Butinge: the Most Expensive Baltic Oil Terminal

In terms of total investments, construction at the Butinge terminal could be considered as the most expensive project of the Baltic oil industry. The youngest of the terminals (its building was started in 1995) made its debut last summer. Provisional data shows that building of the Butinge oil terminal cost USD 260 million. An extensive share of these expenses were attracted in 1997 in form of a 101 million loan issued for three years by Union Bank of Switzerland, Ex-Im Bank (USA), Kreditanstalt fur Wiederaufbau, Mitsubishi Bank, the Nordic Investment Bank and Merrill Lynch. Later credits were received from other banks, including the largest creditor of the Klaipeda terminal, Dutch ABN Amro.

A lot of this money for many years ahead will be the debt load for the owner of the terminal - the oil corporation Mazeikiu Nafta controlled by the US company Williams International. However, despite this burden, the owners of the terminal are optimistic about the future. Next year, the company plans on increasing the capacity of the Butinge terminal one and a half times. According to the terminal's chief engineer Vilnius Aksinavicius, the current throughput capacity is 8 million tons a year.

There are plans to build three new storage tanks in Butinge with the capacity of 50,000 cubic metres each that will increase the total storage capacity from 130,000 to 280,000 cubic metres. The transhipment potential of Butinge will be increased to 12 million tons a year (or 240,000 barrels a day). As the Director of the Butinge terminal Valter Hillard said in March, chances are that soon there will be one more buoy in the sea.

Rostock: the Right Setting

From its size, the Rostock oil port can be compared only with Ventspils. BC had the opportunity to visit this impressive storage tank farm with a capacity of 700,000 cubic metres. Special care is clearly visible; each storage tank has its own name.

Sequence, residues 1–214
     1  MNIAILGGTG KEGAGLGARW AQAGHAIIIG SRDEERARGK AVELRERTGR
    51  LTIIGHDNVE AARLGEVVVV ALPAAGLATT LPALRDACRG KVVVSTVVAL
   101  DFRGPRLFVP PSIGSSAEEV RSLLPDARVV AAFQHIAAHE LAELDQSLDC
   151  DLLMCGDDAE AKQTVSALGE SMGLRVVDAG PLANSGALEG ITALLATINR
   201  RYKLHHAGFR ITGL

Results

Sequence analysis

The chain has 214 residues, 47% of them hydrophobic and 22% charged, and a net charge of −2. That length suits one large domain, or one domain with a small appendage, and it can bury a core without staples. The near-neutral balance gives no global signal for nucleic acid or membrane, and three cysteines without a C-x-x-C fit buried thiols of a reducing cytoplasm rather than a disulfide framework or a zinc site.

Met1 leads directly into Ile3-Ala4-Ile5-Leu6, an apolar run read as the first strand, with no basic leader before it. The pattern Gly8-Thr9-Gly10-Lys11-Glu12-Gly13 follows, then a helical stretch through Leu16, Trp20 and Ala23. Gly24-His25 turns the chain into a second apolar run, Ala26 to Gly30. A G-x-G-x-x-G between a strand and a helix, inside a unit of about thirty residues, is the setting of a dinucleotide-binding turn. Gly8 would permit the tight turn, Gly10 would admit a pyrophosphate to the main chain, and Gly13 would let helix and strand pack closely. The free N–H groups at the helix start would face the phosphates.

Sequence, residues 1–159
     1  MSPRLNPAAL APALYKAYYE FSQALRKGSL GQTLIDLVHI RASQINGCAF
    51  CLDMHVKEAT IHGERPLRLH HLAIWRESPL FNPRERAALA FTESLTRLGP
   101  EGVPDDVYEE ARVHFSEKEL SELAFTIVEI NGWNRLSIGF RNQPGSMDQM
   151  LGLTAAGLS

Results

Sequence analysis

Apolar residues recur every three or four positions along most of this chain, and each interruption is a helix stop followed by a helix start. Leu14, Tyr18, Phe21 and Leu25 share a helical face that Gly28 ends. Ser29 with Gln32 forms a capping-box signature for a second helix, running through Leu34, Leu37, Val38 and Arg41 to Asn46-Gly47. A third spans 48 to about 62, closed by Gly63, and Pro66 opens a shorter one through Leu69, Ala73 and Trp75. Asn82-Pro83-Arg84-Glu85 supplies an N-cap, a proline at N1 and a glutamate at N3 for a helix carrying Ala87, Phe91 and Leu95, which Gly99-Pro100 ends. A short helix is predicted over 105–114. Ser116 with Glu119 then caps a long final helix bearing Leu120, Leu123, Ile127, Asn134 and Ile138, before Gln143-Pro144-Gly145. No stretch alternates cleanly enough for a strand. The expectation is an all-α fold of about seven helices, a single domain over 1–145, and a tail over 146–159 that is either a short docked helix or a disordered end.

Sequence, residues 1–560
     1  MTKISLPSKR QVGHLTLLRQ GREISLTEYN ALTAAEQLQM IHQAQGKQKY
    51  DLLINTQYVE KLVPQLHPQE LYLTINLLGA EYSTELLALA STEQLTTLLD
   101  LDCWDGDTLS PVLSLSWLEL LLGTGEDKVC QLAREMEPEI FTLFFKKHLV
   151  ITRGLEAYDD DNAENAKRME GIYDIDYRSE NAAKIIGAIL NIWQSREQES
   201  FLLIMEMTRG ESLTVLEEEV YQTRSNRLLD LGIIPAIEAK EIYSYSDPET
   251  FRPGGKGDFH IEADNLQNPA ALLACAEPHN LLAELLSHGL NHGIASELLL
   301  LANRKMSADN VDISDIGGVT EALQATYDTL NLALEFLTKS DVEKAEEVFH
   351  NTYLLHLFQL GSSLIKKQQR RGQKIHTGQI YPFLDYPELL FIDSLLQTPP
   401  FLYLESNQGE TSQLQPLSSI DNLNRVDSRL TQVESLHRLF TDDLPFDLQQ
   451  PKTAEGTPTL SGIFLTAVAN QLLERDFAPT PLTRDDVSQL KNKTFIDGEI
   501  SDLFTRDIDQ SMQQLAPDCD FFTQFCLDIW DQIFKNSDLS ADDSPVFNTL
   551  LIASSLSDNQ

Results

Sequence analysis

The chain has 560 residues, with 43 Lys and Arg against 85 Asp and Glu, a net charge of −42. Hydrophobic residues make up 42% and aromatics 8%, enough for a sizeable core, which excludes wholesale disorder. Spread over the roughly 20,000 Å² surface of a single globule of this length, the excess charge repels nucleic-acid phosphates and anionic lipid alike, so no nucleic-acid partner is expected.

The Rostock oil terminal was built in the fifties for handling oil supplied to German oil refineries by rail. Since the oil pipeline system Druzhba was launched, the circumstances have changed. From that time till the fall of the Berlin Wall, Rostock served as the base for oil product supplies to the nearby regions and the exports allowed Eastern Germany to earn hard currency.

Today Rostock is back where it began: loading crude oil. In 1999 Russian crude oil constituted to approximately 2 to 2.5 million tons of the 5 million turnover. Grosstanklager Olhafen Rostock handle also the oil products that are supplied to Rostock from Denmark, Sweden, Norway, Great Britain, France, and sometimes - from Finland.

A year has passed since the modernisation of the Rostock oil port, dredging one of the piers to 14 metres to make it accessible for vessels with a capacity over 100,000 dwt. Total investments into the reconstruction works amounted to DEM 245 million from the port and state budget. Operator company Grosstanklager Olhafen Rostock invested 12-14 million DEM in the modernisation of the port.

The new pipeline from Rostock to the reconstructed refinery in Bohlen was built one and a half years ago. Today a million tons of naphta from Russia, mostly delivered from the Port of Tallinn is pumped between Rostock and Bohlen. The American company, Star Chemicals, which owns the refinery in Bohlen, invested DEM 100 million in the construction of three modern tank-in-tank storage units to be used for this freight in the port of Rostock. 550 kilometres long, the pipeline from Rostock to Bohlen required investments of more than DEM 500 million, that is 1 to 1.5 million DEM per kilometre.